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And fragrant oils with ceremony meet
Soft went the music the soft air along, While fluent Greek a voweld under-song Kept up among the guests, discoursing low At first, for scarcely was the wine at flow; But when the happy vintage touch'd their brains, Louder they talk, and louder come the strains Of powerful instruments : the gorgeous dyes, The space, the splendour of the draperies, The roof of awful richness, nectarous cheer, Beautiful slaves, and Lamia's self, appear, Now, when the wine has done its rosy deed, And every soul from human trammels freed, No more so strange ; for merry wine, sweet wine, Will make Elysian shades not too fair, too divine. Soon was God Bacchus at meridian height; Flush'd were their cheeks, and bright eyes double
bright: Garlands of every green, and every scent From vales deflowerd, or forest-trees branch-rent, In baskets of bright osier'd gold were brought High as the handles heap'd, to suit the thought Of
every guest : that each, as he did please, Might fancy-fit his brows, silk-pillow'd at his ease.
What wreath for Lamia ? What for Lycius ?
Let spear-grass and the spiteful thistle wage
By her glad Lycius sitting, in chief place, Scarce saw in all the room another face, Till, checking his love trance, a cup he took Full brimm'd, and opposite sent forth a look 'Cross the broad table, to beseech a glance From his old teacher's wrinkled countenance, And pledge him. The bald-head philosopher Had fix'd his eye, without a twinkle or a stir, Full on the alarmed beauty of the bride, Brow-beating her fair form, and troubling her sweet
Lycius then press'd her hand, with devout touch,
start? Know'st thou that man ?" Poor Lamia answer'd
He gazed into her eyes, and not a jot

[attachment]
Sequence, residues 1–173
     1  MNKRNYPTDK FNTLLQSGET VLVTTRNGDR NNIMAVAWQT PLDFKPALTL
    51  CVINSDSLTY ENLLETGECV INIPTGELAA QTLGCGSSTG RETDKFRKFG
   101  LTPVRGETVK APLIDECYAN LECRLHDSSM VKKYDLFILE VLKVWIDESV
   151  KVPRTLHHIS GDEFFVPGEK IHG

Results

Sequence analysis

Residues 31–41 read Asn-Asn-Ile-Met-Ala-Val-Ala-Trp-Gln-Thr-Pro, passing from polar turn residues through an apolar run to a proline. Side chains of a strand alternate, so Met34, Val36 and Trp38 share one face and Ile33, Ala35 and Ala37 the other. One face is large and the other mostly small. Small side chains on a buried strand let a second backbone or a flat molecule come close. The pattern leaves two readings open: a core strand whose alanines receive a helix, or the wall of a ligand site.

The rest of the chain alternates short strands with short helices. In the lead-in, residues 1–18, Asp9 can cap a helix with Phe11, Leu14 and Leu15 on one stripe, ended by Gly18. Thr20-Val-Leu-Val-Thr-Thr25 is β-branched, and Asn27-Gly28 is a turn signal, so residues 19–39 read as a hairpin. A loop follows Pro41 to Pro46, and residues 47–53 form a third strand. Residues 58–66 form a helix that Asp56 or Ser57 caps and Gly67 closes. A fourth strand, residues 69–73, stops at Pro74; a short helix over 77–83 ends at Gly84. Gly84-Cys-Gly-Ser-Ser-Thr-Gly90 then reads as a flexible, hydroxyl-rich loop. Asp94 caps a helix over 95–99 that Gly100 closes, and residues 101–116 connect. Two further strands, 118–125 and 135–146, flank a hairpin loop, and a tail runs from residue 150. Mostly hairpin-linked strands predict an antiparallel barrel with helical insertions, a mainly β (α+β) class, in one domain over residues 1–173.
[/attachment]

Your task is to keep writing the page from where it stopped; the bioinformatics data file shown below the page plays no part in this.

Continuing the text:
The many heard, and the loud revelry
round Supported him no pulse or breath they found, And, in its marriage robe, the heavy body wound.* ISABELLA, OR THE POT OF BASIL;
* “ Philostratus, in his fourth book, de Vita Apollonii, hath a memorable instance in this kind, which I may not omit, of one Menippus Lycius, a young man twenty-five years of age, that, going betwixt Cenchreas and Corinth, met such a phantasm in the habit of a fair gentlewoman, which, taking him by the hand, carried him home to her house, in the suburbs of Corinth, and told him she was a Phoenician by birth, and if he would tarry with her, he should hear her sing and play, and drink such wine as never any drank, and no man should molest him ; but she, being fair and lovely, would die with him, that was fair and lovely to behold. The young man, a philosopher, otherwise staid and discreet, able to moderate his passions, though not this of love, tarried with her awhile to his great content, and at last married her, to whose wedding, amongst other guests, came Apollonius; who, by some probable conjectures, found her out to be a serpent, a lamia; and that all her furniture was, like Tantalus' gold, described by Homer, no substance, but mere illusions.
When she saw herself descried, she wept, and desired Apollonius to be silent, but he would not be moved, and thereupon she, plate, house, and all that was in it, vanished in an instant; many thousands took notice of this fact, for it was done in the midst of Greece." -- BURTON'S Anatomy of Melancholy, Part 3, Sect. 2, Memb. I. Subs. I.
A STORY, FROM BOCCACCIO.
AIR ISABEL, poor simple Isabel !
Lorenzo, a young palmer in Love's eye! They could not in the self-same mansion dwell
Without some stir of heart, some malady ; They could not sit at meals but feel how well
It soothed each to be the other by ; They could not, sure, beneath the same roof sleep, But to each other dream, and nightly weep.
With every morn their love grew tenderer,
With every eve deeper and tenderer still; He might not in house, field, or garden stir,
But her full shape would all his seeing fill;
To her, than noise of trees or hidden rill;
He knew whose gentle hand was at the latch,
Before the door had given her to his eyes ; And from her chamber-window he would catch
Her beauty farther than the falcon spies;